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- The following topics will be covered in this lecture:
- Ordinary differential equations
- Stochastic differential equations
- Additive noise
- Modes of convergence
- The Fokker-Planck Equations

In our last session, we introduced the notion of the

**stochastic integral**, with two standard forms, the**Itô**and**Stratonovich**forms.Particularly, we discussed some of the ways that the

**stochastic integral extends, and is different from**the**standard deterministic integral**.Despite the differences, we are able to formally manipulate these equations with e.g., Itô's lemmas.

In particular, these concepts allow us to derive what is known as a

**stochastic differential equation**as an**extension of the ordinary differential equation**.Giving an intuition on this extension, and how we will use this formalism to sample a target density, will be the focus of this lecture.

A general

**ordinary differential equation (ODE)**is written as\[ \begin{align} & \frac{\mathrm{d}}{\mathrm{d}t} \pmb{x} := \pmb{f}(t, \pmb{x}) \\ \Leftrightarrow & \mathrm{d}\pmb{x} := \pmb{f}(t,\pmb{x})\mathrm{d}t. \end{align} \]

When \( \pmb{f} \)

**satisfies a regularity condition**, this equation will have a**unique solution**given some initial data.

Lipshitz Continuity

The function \( \pmb{f}:\mathbb{R}^{N_x} \rightarrow \mathbb{R}^{N_x} \) is said to beLipshitz continuousat a point \( \pmb{x}_0 \) if for all \( \pmb{x}_1 \), in a sufficiently small neighborhood of \( \pmb{x}_0 \), \[ \begin{align} \parallel \pmb{f}(\pmb{x}_0) - \pmb{f}(\pmb{x}_1) \parallel \leq K \parallel \pmb{x}_0 - \pmb{x}_1\parallel \end{align} \] for a fixed constant \( K\in \mathbb{R} \).

Lipshitz continuity above is

**stronger than regular continuity**, but**weaker than differentiability**.- In particular, if \( \pmb{f}\in \mathcal{C}^1(\mathbb{R}^{N_x}) \), \( \pmb{f} \) satisfies Lipshitz continuity.
- More generally, a function that is Lipshitz continuous can be shown to be differentiable except on a set of measure zero,
- i.e., with
**probability one**, you will select a point in a bounded interval at which**\( \pmb{f} \) is differentiable**.

For this reason, we consider

**Lipshitz functions**to be**differentiable “almost everywhere”**, where the number of non-differentiable spikes is limited.

Recall the differential equation on the last slide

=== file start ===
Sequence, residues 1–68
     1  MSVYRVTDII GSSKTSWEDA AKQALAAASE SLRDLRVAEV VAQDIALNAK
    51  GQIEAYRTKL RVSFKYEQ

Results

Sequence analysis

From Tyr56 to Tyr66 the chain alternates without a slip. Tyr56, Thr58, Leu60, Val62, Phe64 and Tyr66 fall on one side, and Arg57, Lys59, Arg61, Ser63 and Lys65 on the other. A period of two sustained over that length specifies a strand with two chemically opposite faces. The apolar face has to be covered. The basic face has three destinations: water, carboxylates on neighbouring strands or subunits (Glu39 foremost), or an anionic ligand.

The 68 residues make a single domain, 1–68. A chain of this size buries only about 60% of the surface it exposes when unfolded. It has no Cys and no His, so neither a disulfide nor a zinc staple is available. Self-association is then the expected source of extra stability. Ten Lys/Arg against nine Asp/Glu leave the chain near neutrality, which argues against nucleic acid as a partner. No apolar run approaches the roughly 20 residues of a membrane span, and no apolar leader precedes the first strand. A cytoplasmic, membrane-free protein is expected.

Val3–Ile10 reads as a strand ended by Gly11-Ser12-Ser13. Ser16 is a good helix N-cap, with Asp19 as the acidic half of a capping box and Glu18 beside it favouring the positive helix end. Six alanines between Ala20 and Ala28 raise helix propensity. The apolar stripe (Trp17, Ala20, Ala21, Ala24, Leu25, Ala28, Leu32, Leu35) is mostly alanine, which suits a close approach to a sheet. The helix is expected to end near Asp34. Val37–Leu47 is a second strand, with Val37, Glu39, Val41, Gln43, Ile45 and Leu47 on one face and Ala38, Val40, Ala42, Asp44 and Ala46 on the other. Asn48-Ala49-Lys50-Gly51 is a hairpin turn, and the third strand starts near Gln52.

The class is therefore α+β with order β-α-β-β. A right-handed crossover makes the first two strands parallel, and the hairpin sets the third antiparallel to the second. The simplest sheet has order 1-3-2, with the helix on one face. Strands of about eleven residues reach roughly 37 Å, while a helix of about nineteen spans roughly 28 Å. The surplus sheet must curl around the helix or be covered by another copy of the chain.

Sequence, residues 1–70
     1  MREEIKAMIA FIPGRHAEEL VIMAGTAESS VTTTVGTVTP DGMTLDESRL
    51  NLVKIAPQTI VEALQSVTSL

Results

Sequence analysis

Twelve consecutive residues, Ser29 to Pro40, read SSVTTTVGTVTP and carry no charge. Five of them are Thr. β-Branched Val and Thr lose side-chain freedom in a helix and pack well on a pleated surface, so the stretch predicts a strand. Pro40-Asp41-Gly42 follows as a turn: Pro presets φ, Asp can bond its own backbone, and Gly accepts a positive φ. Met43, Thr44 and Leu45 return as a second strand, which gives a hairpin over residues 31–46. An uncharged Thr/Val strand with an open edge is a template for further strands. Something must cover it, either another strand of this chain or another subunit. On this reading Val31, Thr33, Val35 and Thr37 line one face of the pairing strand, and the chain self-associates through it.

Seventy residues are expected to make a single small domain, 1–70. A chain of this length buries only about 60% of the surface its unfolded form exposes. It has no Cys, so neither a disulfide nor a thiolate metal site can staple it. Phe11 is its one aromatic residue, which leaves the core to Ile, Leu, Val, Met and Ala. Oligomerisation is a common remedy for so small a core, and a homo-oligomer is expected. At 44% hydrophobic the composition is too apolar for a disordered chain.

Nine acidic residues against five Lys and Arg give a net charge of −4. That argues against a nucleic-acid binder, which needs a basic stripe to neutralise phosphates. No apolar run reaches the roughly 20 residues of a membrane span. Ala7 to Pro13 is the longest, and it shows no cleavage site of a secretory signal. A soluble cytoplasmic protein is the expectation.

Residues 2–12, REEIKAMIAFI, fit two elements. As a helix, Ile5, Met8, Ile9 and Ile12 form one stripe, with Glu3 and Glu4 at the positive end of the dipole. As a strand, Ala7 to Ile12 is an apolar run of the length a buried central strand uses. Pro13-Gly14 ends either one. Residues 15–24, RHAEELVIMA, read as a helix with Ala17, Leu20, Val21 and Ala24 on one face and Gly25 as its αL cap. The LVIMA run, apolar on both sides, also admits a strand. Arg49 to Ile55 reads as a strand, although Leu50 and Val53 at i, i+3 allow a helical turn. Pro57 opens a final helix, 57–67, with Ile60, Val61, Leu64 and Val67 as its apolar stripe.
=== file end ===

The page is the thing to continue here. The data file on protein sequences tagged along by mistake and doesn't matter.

\[ \begin{align} \mathrm{d}\pmb{x} := \pmb{f}(t,\pmb{x})\mathrm{d}t. \end{align} \]

Provided that \( \pmb{f} \) is Lipshitz in its components at some initial condition, in the state variable and time, it can be shown that there is a unique solution defined for this initial data.

Picard-Lindelölf theorem

Suppose that \( \pmb{f} \) satisfies the Lipshitz condition at a point \( (0,\pmb{x}_0) \) as previously discussed. Then there is aunique solution \( \pmb{x}(t) \)defined on some time interval \( [ -\epsilon, \epsilon] \) for which:

- \( \pmb{x}(0)= \pmb{x}_0 \),
- \( \frac{\mathrm{d}}{\mathrm{d}t}|_{t=t_0}\pmb{x} = \pmb{f}(t_0, \pmb{x}(t_0)) \), and
- where we formally write \[ \begin{align} \pmb{x}(t) = \int_0^t \pmb{f}(s, \pmb{x})\mathrm{d}s + \pmb{x}_0. \end{align} \]

Notice that this only

**defines a solution within a local neighborhood**, depending on a range of time around the initial condition.This known as an

**initial value problem**, as previously discussed in the context of Markov models.

Particularly, suppose that we have an

**initial prior on the state vector**\( \pmb{x}_0 \) and \( \frac{\mathrm{d}}{\mathrm{d}t} \pmb{x}=\pmb{f} \) is known to**satisfy the Lipshitz condition**in the support of \( p(\pmb{x}_0) \).This actually

**defines a deterministic Markov model**, but where there is**uncertainty in the initial value**.We can define the

**discrete mapping**under the continuous time model by the**flow map**discussed before, where\[ \begin{align} \boldsymbol{\Phi}(t, \pmb{x}_0) = \pmb{x}(t) = \int_0^t \pmb{f}(s, \pmb{x})\mathrm{d}s + \pmb{x}_0. \end{align} \]

In the case that \( \pmb{f} \) is a

**linear transformation**, \( \boldsymbol{\Phi}\equiv \mathbf{M}_t \) for some matrix, as with the previously defined Gauss-Markov model.In this case, we once again generate a transition kernel as

\[ \begin{align} \mathcal{P}\left(\pmb{x}_t | \pmb{x}_0\right) = \delta_{\mathbf{M}_t \pmb{x}_0} \end{align} \] with \( \delta_{\pmb{v}} \) referring to the

**Dirac measure**at \( \pmb{v} \in \mathbb{R}^{N_x} \).The

**Dirac probability measure**is**defined by the property**,\[ \begin{align} \int f(x) \boldsymbol{\delta}_{\pmb{v}}\left(\mathrm{d}\pmb{x}\right) = f\left(\pmb{v}\right); \end{align} \] particularly, the

**Dirac delta is a singular measure**, understood by the integral equation.

- Similarly, we will say that the
**transition “density”**is given in terms of \[ \begin{align} p(\pmb{x}_t \vert \pmb{x}_{0} ) \equiv \delta \left\{\pmb{x}_t - \mathbf{M}_t\left(\pmb{x}_{0}\right)\right\} \end{align} \] where \( \delta \) represents the**Dirac distribution**. - Heuristically, this is known as the “function” which has the property \[ \pmb{\delta}(\pmb{x}) = \begin{cases} +\infty & \pmb{x} = \pmb{0} \\ 0 & \text{else}\end{cases}; \]
- This is just a convenient abuse of notations, as the
**Dirac measure does not have a density with respect to the standard Lebesgue measure**. - Rather, the
**Dirac distribution**is understood through the generalized function theory of distributions as a type of**kernel that gives the property**, \[ \begin{align} \int f(\pmb{x}_{t}) \delta\left\{\pmb{x}_t- \mathbf{M}_t\left(\pmb{x}_{0}\right)\right\}\mathrm{d}\pmb{x}_{t} = f\left(\mathbf{M}_t\left(\pmb{x}_{0}\right)\right). \end{align} \] - This equation is to be interpreted that,
**given a realization of the initial condition**\( \pmb{x}_0 \sim P \), this**defines the probability one of the subsequent realizations \( \mathbf{M}_t \pmb{x}_0 \)**at all times \( t \). - Therefore, such a model is known as a
**“perfect” model**, as it**totally determines the subsequent evolution**of the random process in time. - However, our
**classic Gauss-Markov model**was defined in terms of a perfect model that is perturbed by random shocks, \[ \begin{align} \pmb{x}_{k}:= \mathbf{M}_k \pmb{x}_{k-1} + \pmb{w}_k. \end{align} \] - The extension of such a Gauss-Markov model to a system generated with continuous time is derived with the notion of a stochastic differential equation.